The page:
Devin continued not to speak. I then said, “You call me your best friend, but here you are not confiding in me.” Devin silently stared out the front window with strained eyes. Looking at the side of his face, I said, “I hate cowards, and you are a coward. If you have a problem, we should be able to discuss it with each other as we always do.” They were harsh words, but I believed them to be accurate and have no regrets for saying them. My words finally made Devin talk. With his head looking down toward his chest, he whispered, “I got someone pregnant.” I was looking at him the whole time. He did not make eye contact with me when he stopped the car. I said, “Do you have anything else to say to me?” I thought this would be his only chance to say something to redeem himself or ask for forgiveness, but he said nothing.
I saw Devin nearly every day and talked with him daily. How did I not see it coming? How did I not know this would happen? I felt like I was in a daze or smog; try as I might, I couldn’t see what was in front of me.
Since he said nothing, I got out of the car and walked home, a fifteen-minute walk. He didn’t even follow me or call out my name. I was disgusted with him. I walked upstairs and into my bathroom. I knelt on the floor in a fetal position. My head was emptying itself, and my heart was gutting itself. No tears came to me, and no sounds came out of my mouth. I felt like Devin knocked the wind out of me, and I couldn’t breathe properly. My insides seemed to escape me, and I became a hollow shell.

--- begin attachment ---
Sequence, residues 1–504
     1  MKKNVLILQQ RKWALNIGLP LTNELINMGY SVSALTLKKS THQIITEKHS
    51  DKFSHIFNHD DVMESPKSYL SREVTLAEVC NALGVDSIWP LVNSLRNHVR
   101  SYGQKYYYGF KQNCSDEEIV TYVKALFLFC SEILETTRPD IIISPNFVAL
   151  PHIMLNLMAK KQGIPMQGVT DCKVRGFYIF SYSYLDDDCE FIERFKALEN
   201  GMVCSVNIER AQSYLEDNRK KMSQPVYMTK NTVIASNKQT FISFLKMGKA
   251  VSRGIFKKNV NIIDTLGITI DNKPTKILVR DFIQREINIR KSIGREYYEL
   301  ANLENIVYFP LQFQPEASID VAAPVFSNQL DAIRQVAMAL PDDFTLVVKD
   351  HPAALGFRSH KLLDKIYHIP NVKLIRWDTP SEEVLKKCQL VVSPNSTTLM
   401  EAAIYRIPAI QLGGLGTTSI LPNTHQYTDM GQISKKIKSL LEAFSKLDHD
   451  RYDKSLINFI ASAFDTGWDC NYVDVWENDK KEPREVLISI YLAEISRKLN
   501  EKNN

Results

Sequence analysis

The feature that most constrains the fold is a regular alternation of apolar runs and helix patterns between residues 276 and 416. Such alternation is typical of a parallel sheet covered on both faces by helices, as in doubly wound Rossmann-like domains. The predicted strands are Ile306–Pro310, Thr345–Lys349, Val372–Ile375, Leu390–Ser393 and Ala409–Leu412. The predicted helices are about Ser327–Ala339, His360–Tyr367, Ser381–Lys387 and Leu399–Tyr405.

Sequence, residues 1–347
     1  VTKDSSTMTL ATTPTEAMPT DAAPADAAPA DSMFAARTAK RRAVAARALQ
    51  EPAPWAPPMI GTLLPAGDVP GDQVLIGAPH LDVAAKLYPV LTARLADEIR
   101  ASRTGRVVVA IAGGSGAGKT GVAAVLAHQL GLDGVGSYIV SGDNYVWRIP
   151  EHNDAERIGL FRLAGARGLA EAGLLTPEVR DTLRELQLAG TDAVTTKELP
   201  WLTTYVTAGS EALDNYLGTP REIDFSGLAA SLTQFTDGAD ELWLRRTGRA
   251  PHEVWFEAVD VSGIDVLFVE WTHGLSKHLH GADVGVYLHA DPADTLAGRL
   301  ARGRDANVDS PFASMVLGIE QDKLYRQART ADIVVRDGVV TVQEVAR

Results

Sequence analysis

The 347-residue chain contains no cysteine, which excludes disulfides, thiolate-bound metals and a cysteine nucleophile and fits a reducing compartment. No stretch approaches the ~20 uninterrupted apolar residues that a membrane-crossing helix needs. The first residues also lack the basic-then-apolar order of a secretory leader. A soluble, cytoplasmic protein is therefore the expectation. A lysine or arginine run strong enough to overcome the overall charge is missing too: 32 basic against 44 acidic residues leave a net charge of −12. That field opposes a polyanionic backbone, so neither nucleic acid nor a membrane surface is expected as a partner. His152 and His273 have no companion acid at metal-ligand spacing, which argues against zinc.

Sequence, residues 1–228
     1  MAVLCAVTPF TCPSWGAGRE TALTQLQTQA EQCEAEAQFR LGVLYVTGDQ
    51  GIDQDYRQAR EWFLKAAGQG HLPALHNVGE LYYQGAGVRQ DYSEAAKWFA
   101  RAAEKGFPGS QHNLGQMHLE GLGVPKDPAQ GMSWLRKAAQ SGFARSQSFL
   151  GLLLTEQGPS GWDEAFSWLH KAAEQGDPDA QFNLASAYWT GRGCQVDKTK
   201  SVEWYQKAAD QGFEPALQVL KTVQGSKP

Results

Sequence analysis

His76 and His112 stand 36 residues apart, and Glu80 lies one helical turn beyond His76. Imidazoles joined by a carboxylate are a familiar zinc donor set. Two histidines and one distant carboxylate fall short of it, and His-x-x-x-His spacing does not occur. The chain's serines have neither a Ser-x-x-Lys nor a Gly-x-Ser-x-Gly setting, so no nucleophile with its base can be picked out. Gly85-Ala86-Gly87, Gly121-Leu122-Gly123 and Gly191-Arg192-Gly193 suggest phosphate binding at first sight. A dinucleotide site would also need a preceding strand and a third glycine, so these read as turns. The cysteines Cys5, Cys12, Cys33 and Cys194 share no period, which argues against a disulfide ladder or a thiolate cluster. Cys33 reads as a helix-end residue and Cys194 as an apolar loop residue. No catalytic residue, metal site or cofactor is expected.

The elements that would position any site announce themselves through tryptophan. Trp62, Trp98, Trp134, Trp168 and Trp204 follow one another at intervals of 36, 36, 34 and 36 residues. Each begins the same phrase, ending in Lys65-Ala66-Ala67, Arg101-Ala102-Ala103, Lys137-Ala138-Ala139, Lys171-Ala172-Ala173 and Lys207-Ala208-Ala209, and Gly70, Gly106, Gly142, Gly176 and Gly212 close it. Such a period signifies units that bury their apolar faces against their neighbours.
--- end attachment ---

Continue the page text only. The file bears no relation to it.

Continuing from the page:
Any meaning I had in life was lost. Any future I had with Devin was lost. Without warning, the enormous tsunami came and took me out to sea. I died that day and walked around like a zombie for nearly a month. Having the energy to put food in my mouth was laborsome. Trying to go to sleep was pointless. My mind was blank, but I still had difficulty sleeping. Suddenly I didn’t know why I was alive. What was the purpose of my existence? I no longer knew. I was always a person full of goals, ambitions, and direction, but now I was questioning the meaning of my life. I was always a planner, always planning my future. But now I was afraid to think about the future; it was now a big blank. The only thing I had was breathing in the moment, and I even questioned that.